Dodge Shelby Dakota pickup trucks
Following the formula that has become his trademark, Carroll Shelby started with a standard 112-inch wheelbase Dodge Dakota Sport model and transformed it into a true modern-day muscle truck. And he did it with V8 power. Yes, this Dakota is the first V8, rear-wheel-drive machine Shelby has built since the 1960s.
Shelby Automobiles in Whittier, California, bought vehicles from Dodge and turns them into high performance bargains that outperform vehicles costing thousands of dollars more - much the same way Shelby converted standard Mustangs during the muscle-car era. The latest vehicle to carry the Shelby marque, the 318 cubic inch (5.2 liter) fuel injected Shelby Dakota, boasts 175 hp and 270 pound-feet of torque and sells for under $16,000.
Slipping the V8 into an engine compartment that was originally designed for the 3.9 liter V6 was not as hard as it would seem, since the 3.9 liter was built on the Chrysler LA block (318/360 cubic inch) platform. Basically, the V6 is a 318-style engine less two cylinders. But the swap meant the Dakota's cooling system required a little work, as there was now no room for the standard engine-driven cooling fan between the block and the radiator. So Shelby Automobiles engineered a cooling system that operates with an electric fan mounted on the forward side of the radiator.
Other engineering breakthroughs on the Shelby Dakota include the use of an all-new V8-rated 4-speed automatic transmission. Featuring a high stall speed torque converter and rear-mounted New Process overdrive system, this transmission is one of the most complex ever produced by Chrysler. In order to provide the best possible performance, the 4-speed unit was fitted with an auxiliary transmission cooler. Power is put to the ground via a special limited-slip differential fitted with 3.90-to-1 gears. Another new feature on the Shelby truck is a unique rear-wheel anti-lock brake system that consists of a speed sensor, electronic control module and pressure-limiting valve.
To improve rebound and compression controls, nitrogen gas-charged shock absorbers were fitted to the truck, as were hollow-spoke-style 15x6-inch aluminum wheels, mounting P225/70R15 Goodyear Eagle GT+4 high performance radials.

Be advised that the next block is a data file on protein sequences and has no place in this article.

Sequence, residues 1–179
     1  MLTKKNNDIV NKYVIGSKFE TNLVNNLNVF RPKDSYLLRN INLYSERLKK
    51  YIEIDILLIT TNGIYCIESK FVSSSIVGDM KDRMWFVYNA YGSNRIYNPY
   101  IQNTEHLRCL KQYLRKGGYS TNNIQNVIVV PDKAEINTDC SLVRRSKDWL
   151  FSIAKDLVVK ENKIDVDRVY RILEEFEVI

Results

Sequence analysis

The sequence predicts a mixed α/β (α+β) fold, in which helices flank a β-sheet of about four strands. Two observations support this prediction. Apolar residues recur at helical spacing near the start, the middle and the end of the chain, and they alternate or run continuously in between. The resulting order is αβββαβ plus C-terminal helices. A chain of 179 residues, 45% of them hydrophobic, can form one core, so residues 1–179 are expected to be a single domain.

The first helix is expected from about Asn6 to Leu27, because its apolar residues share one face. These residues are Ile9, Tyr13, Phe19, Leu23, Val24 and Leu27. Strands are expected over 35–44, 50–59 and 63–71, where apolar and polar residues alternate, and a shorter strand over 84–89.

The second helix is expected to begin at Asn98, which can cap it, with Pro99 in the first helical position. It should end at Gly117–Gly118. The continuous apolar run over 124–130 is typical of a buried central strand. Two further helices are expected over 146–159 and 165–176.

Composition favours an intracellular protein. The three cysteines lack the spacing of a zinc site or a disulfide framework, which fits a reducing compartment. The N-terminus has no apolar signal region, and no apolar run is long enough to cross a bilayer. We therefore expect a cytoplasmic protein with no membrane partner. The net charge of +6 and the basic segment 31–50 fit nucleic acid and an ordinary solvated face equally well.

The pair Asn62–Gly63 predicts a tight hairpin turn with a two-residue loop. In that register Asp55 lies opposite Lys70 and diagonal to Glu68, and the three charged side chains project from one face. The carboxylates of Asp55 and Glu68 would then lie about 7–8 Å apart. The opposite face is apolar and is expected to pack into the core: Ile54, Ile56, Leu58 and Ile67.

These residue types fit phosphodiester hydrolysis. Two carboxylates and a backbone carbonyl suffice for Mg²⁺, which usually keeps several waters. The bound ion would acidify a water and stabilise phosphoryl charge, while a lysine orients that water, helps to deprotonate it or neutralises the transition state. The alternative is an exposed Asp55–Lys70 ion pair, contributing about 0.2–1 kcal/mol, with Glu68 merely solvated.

The 3610-pound Sport Dakota was equipped with a number of other special Shelby pieces, including a three-spoke leather-wrapped sport steering wheel, "Shelby" charcoal cloth inserts in the seats and door panels and an AM/FM stereo/cassette deck with four speakers.
And a number of unique styling touches make the truck look as good as it runs. These include a light-bar extension behind the cab that's mounted to the bed of the truck, Bosch auxiliary-light-equipped front air dam, four non-color-keyed wheel lip extensions and special Shelby graphics on the hood and sides of the vehicle. The brawny V8 Dakota is available in white or red, accented with blackout front and rear bumpers, grille and trim. Small "V8" logos mounted on the front fenders and Shelby markings on the windshield and lower front grille complete the package.
With its quick off-the-line performance (0 to 60 in 8 seconds [editor's note: yes, the same as a 1995 Neon]), this truck can handle just about anything it comes up against on the road. The Goodyear GT+4 performance radials give plenty of road-gripping traction, and cornering capabilities are good thanks to the gas-charged shocks. The Shelby Dakota is a true muscle truck, which puts it in a class all by itself. And since Shelby only expects to build some 1500 units by August 1989, if you're interested, you'd better get your order in quick. [Webmaster note: this was written in Fall 1989]
"Shelbydak" wrote: I own #939 with 97,000 miles on it. I work in a auto shop and my engine started knocking so I took it out and stripped it. It had aluminum flat top pistons, double roller timing chain, roller lifters, and mild cam. I owned this truck since new and the engine has never been out before, so I think the 175 hp is a little off. I compared the crank to one in a full size 1989 Dodge truck's 318 and it was very different, maybe stroker or balanced, I am not sure yet. I will be building it myself except for the cam bearings which will get put in at a machine shop.